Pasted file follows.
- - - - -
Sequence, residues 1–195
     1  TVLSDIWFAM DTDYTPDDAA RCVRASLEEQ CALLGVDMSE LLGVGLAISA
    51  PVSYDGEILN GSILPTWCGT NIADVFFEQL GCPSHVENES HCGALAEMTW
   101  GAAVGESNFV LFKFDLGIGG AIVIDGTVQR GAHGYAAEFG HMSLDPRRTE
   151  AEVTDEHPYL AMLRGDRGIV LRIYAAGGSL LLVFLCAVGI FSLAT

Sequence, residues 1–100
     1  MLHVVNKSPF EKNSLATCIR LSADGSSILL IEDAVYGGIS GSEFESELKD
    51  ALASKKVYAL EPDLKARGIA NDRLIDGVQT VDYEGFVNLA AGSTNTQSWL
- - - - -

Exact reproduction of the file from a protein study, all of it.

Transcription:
Sequence, residues 1–195
     1  TVLSDIWFAM DTDYTPDDAA RCVRASLEEQ CALLGVDMSE LLGVGLAISA
    51  PVSYDGEILN GSILPTWCGT NIADVFFEQL GCPSHVENES HCGALAEMTW
   101  GAAVGESNFV LFKFDLGIGG AIVIDGTVQR GAHGYAAEFG HMSLDPRRTE
   151  AEVTDEHPYL AMLRGDRGIV LRIYAAGGSL LLVFLCAVGI FSLAT

Sequence, residues 1–100
     1  MLHVVNKSPF EKNSLATCIR LSADGSSILL IEDAVYGGIS GSEFESELKD
    51  ALASKKVYAL EPDLKARGIA NDRLIDGVQT VDYEGFVNLA AGSTNTQSWL